Preschool Kid's,  Holiday Fun!,  Holidays,  Literacy

Literacy BINGO – Christmas Edition

“Literacy BINGO – Christmas Break Edition” contains affiliate links, if you make a purchase, I will receive a commission. 

It can’t already be time for Christmas/Winter break, can it? I feel like I just finished publishing the Thanksgiving Literacy Bingo. However, somehow the Christmas holiday is already upon us and the hustle and bustle of the holiday season already has moms across the country trying not to pull their hair out.

And in the midst of all the holiday fever, an article has been circulating my newsfeeds on social media. The title is “Reading Too Soon” and was posted on a website called the “Organized Mind.” It is a very short article and you can read it yourself, but here is a very brief summary:

Between the ages of 3-7 children learn using the right side of their brain. However, the left side of the brain is responsible for reading. By forcing children to use their right side of their brain to read, it becomes more detrimental to their literacy and reading journey. Instead parents are encouraged to read to their children instead of making them become proficient readers.

After reading the article I immediately shared it, because it dripped with truth. However, like so many good things, I started to see other moms share it and go on complete tangents about how we need to cease all things reading.  The writer of the article is a woman named Stacey, and after perusing her website, I think she is more than qualified to offer her opinion on this. Yet we need to be careful not to undermine the importance of exposure to literacy and reading opportunities. Creating a passion for reading, a joy for reading, and a desire for reading is what early childhood literacy is all about.

As a preschool literacy teacher in the trenches of this issue, let me offer a distinguishing factor. Reading too soon is about the word force.  If we force a preschooler’s right side of the brain to read, then yes, their right-side neurological pathways are not yet formed with the left side and undesired consequences can form from this force. But if we expose the preschooler to the wonderful, creative, and flourishing world of literacy we are using the strength of the right side to enforce a love of reading.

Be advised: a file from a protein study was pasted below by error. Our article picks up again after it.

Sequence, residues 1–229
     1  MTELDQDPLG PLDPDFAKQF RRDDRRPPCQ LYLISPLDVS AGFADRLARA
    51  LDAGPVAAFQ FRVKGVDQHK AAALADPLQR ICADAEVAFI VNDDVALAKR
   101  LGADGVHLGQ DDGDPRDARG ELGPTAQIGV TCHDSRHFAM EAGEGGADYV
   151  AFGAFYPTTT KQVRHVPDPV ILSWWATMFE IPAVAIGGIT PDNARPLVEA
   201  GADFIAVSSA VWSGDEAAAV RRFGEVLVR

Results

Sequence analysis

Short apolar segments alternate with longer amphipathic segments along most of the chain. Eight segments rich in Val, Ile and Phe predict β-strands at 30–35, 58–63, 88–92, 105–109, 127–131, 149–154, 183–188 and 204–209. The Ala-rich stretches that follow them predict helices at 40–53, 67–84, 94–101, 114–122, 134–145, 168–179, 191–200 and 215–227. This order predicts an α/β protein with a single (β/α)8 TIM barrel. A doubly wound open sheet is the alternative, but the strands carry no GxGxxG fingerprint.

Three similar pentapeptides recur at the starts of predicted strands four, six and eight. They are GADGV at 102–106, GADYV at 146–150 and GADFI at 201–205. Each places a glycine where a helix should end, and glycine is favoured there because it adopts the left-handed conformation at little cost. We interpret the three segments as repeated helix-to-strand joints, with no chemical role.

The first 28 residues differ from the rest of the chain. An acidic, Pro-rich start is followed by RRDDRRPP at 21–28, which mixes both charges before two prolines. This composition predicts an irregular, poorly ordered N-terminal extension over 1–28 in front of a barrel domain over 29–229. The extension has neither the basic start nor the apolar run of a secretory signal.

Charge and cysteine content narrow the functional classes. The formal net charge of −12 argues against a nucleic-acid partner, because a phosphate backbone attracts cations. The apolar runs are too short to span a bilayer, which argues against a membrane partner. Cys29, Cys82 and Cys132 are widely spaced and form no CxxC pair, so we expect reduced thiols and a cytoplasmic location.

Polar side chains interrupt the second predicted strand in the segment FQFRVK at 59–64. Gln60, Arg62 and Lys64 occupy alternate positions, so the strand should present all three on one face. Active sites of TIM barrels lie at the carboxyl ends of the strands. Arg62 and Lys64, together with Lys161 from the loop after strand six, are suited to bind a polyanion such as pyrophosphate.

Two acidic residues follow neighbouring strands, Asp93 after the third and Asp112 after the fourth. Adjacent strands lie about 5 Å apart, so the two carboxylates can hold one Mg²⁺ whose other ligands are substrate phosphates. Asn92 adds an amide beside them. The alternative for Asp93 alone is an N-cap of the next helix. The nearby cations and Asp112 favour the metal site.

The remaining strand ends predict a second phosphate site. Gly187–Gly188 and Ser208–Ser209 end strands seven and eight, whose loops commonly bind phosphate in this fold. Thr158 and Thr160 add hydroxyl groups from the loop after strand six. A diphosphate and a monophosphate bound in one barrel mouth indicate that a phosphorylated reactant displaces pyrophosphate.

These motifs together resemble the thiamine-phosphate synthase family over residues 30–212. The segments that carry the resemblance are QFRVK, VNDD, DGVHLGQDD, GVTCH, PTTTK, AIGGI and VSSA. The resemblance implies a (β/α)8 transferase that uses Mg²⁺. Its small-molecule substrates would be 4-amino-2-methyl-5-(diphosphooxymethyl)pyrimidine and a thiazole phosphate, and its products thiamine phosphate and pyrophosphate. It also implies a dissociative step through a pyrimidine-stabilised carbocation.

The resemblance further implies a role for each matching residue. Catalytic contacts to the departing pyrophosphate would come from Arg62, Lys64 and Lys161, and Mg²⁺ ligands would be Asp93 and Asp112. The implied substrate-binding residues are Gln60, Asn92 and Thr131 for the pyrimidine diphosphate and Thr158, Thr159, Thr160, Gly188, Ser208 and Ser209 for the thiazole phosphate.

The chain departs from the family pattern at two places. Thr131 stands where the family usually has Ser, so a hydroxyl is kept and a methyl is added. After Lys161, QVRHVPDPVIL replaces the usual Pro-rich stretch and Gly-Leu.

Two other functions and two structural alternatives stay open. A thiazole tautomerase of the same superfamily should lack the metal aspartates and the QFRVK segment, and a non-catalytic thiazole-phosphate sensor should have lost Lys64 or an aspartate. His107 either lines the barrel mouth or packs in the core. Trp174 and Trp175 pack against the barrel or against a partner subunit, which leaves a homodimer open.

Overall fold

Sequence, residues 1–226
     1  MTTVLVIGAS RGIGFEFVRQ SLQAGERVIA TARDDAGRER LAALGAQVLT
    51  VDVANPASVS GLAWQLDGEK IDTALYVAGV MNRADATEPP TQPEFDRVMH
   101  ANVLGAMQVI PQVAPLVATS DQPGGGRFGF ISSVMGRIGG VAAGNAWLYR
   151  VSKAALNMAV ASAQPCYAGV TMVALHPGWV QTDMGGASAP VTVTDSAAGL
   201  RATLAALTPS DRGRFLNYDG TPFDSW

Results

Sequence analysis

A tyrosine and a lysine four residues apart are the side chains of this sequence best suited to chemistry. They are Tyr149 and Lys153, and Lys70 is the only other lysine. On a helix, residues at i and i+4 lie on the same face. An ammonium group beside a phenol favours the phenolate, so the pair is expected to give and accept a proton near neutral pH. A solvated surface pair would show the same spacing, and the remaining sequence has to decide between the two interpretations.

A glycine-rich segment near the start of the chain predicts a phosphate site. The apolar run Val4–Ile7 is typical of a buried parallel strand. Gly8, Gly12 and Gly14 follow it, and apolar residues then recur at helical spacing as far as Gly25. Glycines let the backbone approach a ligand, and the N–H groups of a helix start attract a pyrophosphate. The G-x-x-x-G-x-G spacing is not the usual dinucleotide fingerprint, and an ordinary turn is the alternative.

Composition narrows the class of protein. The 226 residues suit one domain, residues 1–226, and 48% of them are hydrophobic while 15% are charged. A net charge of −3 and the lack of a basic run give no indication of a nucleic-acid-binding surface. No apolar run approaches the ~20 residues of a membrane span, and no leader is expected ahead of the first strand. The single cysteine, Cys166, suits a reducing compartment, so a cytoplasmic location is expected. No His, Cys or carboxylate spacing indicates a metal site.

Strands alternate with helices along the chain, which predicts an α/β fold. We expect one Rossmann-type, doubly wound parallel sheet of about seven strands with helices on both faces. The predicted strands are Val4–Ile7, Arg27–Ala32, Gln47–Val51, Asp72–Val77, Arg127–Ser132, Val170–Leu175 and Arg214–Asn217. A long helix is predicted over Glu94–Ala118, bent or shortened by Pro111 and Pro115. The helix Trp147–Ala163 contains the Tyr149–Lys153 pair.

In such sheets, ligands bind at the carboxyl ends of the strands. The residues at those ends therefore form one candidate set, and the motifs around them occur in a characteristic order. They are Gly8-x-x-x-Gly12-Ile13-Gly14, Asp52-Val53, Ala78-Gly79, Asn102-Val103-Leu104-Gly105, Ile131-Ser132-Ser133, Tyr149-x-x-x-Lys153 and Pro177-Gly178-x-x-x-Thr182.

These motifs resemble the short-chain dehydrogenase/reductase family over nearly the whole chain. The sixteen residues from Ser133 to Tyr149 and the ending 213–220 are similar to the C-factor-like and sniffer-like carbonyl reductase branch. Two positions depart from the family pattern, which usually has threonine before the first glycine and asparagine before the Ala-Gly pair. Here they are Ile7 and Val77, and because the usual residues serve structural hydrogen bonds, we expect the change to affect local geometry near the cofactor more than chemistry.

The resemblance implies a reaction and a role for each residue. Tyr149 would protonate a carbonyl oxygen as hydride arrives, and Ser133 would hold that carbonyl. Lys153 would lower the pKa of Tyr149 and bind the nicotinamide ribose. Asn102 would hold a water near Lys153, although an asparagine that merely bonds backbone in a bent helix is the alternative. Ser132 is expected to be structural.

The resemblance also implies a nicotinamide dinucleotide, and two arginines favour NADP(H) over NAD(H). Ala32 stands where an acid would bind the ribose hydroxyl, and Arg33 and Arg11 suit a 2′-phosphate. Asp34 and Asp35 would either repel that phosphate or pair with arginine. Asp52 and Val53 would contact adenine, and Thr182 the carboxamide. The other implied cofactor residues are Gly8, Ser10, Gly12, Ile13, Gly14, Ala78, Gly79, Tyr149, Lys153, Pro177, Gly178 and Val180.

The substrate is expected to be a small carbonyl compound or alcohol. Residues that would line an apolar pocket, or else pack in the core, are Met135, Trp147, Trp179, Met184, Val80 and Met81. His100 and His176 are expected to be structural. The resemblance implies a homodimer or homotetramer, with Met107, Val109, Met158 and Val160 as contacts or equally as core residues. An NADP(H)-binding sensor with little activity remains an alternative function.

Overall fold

Let me offer an example.  As stated in the article the right side is responsible for seeing pictures, images, and shapes, and then constructing a storyline. Letting a child touch and feel a book and then asking them to ‘read’ the story based on pictures, is not a bad thing! This is not stepping out of their developmental readiness. Exposing children to the ABCs is also not a deterrent. Letters are simply shapes that have a word to go with them.  Learning to recognize A and say ‘A’ is still not a bad thing.  It’s when we force a child up learn the sounds of letters and memorize words based on their shape, that is what leads to low literacy comprehension!

The crux of my argument is based on the word force. Let me sum it up for you in a single sentence. If you want your child to be a successful reader and writer you need to stop forcing them to read, instead expose them to the wonderful world of literacy through reading to them and allowing them to interact with the world of literacy.

Which leads me right into my Christmas BINGO. Learning to love literacy can be FUN! It can be a delightful discovery. You’ll notice on this BINGO sheet that there is a lot of squares that ask a child to read a book. Remember when a preschooler ‘reads’ they are simply looking at pictures and constructing a storyline based on those pictures. This type of activity is also requiring them to be silly and MOVE. Remember proprioception, or knowing where your body is at, has to develop before becoming a successful learner. Preschoolers shouldn’t sit still and read for long periods of time! They are not ready for it.

Silly little BINGO sheets like this, will keep you child moving and exposed to literacy during the holiday break. It’s a perfect way to encourage the joy of literacy without  “Reading Too Soon.”

Also available in the Thanksgiving Break Edition! 


  • Rachel

    I love this idea!! I always support and encourage reading right from birth. It’s important that toddlers learn to look at a book themselves and not rely on an adult. This is a fun way to get kids reading in other ways. I love it. Rachel from Explore Kid